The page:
In Russia, every employer is required to regularly (at least once every five years) perform a compulsory workplace risk assessment. This is called a Special Evaluation of Working Conditions (the SOUT) procedure. The SOUT must be performed for each workplace operated by the employer (including workplaces where purely administrative or office tasks are being performed).l
SOUT involves carrying out the following measures:
- identification of potentially harmful and hazardous working conditions;
- examination and measurement of harmful and hazardous working conditions;
- classification of working conditions, depending on the level of harm or hazard they represent to human health, based on the evaluation results;
- reporting of the SOUT results.
In order to perform the Special Evaluation of Working Conditions (SOUT), the employer is required to take the following steps:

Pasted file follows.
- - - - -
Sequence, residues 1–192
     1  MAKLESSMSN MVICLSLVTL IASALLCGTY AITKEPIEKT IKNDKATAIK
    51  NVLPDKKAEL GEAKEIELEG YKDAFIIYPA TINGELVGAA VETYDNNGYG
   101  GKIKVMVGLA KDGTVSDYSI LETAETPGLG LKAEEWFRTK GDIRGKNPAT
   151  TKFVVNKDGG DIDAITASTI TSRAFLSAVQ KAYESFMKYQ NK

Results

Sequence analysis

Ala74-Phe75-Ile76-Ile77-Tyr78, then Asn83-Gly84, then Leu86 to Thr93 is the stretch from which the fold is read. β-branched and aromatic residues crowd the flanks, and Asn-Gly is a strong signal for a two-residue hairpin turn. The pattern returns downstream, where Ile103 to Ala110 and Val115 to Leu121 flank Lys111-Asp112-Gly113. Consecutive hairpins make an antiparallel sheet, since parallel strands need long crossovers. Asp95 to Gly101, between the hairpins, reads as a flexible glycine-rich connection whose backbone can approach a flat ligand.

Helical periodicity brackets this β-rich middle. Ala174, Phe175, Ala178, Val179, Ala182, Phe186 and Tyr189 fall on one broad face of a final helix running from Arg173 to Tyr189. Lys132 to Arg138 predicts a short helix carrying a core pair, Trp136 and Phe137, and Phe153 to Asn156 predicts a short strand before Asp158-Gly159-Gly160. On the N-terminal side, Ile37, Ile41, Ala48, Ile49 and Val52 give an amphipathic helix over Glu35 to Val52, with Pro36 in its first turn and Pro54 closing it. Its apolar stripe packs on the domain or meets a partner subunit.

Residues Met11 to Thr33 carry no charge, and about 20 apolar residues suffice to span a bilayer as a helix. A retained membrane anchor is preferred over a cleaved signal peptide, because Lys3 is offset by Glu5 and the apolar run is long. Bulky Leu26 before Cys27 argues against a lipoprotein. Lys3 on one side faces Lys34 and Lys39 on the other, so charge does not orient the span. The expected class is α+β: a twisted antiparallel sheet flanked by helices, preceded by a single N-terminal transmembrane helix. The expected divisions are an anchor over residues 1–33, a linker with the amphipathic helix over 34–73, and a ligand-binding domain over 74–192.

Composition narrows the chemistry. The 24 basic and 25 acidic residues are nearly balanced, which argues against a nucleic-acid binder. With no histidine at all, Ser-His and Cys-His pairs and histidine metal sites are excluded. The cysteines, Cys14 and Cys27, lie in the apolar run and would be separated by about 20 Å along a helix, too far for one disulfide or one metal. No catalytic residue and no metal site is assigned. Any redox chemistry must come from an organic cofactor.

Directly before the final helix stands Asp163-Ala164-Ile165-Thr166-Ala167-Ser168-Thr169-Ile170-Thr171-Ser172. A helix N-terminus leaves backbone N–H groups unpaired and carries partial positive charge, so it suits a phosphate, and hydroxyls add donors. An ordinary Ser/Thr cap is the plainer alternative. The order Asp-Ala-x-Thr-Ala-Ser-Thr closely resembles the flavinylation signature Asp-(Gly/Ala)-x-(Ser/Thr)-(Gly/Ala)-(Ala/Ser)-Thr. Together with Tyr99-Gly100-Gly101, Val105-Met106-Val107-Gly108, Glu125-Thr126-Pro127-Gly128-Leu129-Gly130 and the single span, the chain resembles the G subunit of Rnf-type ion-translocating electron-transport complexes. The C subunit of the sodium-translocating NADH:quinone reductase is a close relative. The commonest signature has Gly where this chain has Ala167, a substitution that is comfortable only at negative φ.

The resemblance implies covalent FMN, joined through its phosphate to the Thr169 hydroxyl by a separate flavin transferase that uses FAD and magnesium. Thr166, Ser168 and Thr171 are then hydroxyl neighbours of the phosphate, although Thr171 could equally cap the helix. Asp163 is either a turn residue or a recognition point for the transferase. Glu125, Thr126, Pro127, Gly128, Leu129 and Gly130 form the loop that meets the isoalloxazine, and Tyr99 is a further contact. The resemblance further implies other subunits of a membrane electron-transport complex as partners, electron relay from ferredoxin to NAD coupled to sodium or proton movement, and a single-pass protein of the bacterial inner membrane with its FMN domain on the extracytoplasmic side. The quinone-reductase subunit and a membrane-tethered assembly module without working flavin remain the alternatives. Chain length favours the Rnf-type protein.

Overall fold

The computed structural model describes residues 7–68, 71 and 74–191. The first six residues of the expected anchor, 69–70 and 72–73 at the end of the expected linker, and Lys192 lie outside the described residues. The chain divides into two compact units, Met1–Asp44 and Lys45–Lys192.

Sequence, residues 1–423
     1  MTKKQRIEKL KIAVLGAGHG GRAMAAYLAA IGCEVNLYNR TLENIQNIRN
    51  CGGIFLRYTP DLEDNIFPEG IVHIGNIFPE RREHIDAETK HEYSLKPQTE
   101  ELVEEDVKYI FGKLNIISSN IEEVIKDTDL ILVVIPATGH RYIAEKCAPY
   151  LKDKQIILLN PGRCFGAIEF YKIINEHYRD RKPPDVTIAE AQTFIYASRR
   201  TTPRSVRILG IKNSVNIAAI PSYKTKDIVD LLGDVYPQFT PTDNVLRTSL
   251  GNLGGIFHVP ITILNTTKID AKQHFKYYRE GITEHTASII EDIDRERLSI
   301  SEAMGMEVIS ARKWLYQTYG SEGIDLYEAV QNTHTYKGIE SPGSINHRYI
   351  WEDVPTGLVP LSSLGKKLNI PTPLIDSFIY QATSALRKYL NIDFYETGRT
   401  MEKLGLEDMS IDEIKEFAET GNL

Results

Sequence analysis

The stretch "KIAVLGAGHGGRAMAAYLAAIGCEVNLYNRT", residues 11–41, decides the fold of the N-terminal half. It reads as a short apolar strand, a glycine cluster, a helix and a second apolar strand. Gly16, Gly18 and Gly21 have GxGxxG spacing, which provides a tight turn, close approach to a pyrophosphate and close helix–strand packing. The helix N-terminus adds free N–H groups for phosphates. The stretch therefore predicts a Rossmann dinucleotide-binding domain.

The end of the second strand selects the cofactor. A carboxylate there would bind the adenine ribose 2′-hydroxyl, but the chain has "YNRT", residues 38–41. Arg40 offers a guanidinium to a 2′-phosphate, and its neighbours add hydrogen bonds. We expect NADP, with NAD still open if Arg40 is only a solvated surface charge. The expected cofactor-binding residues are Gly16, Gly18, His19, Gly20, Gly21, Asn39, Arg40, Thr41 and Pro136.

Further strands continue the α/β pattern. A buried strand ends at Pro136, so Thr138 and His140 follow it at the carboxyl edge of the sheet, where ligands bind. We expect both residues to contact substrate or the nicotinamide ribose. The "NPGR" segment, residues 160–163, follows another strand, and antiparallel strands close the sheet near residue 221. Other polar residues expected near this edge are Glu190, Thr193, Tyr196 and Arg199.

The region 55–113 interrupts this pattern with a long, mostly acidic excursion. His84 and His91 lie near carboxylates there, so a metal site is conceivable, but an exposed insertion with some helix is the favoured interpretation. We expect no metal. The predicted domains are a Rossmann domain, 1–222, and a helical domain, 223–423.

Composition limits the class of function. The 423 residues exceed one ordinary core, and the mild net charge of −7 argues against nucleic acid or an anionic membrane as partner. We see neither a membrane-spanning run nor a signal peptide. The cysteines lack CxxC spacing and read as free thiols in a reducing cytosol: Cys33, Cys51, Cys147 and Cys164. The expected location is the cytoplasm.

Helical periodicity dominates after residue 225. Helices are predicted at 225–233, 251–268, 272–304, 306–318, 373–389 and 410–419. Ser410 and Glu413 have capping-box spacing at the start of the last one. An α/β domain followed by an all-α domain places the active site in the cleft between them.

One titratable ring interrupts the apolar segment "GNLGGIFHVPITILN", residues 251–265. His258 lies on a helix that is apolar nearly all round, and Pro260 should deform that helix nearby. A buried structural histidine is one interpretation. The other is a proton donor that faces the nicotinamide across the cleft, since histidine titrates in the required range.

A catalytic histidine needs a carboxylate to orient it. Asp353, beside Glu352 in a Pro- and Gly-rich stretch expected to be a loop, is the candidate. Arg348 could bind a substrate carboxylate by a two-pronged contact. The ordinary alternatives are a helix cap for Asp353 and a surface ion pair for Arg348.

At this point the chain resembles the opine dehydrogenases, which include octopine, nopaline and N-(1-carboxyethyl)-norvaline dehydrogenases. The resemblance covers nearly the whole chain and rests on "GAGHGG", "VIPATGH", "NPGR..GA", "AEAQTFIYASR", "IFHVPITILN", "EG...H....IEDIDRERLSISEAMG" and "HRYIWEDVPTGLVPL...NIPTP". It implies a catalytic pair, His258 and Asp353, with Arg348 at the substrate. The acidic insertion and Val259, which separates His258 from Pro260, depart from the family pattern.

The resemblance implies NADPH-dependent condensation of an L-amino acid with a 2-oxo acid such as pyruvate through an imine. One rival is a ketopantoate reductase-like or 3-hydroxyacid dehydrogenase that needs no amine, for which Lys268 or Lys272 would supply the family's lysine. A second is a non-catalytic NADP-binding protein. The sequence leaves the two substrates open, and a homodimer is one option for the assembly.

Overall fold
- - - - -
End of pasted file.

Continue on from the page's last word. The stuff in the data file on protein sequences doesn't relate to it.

- to create the SOUT commission and SOUT schedule;
- to list the workplaces that must be evaluated;
- to choose and contract an organisation licenced to perform such evaluation;
- to accept and sign the documented results;
- to post the evaluation results on its website, if the employer has one;
- to report the evaluation results to the Social Insurance Fund of the Russian Federation;
- to inform its employees about the evaluation results;
- to submit a declaration to the state labour inspection for all workplaces where no harmful and no hazardous working conditions have been identified.
Selecting an Organisation to Run the SOUT
General requirements for organisations licenced to run the special evaluation of working conditions (the SOUT) are listed in Article 19 of the Federal Law N 426-FZ.
This organization is required to:
- be independent from the employer;
- have the special evaluation performance as its principal activity, according to the constitutional documents of the organisation.
- have at least 5 experts employed and licenced to run the SOUT. One of them has to have higher education in the area of Hygiene (General Hygiene, Occupational Hygiene or Hygiene Laboratory Testing). Requirements pertaining to the experts are listed in the Article 20 of the Federal Law N 426-FZ.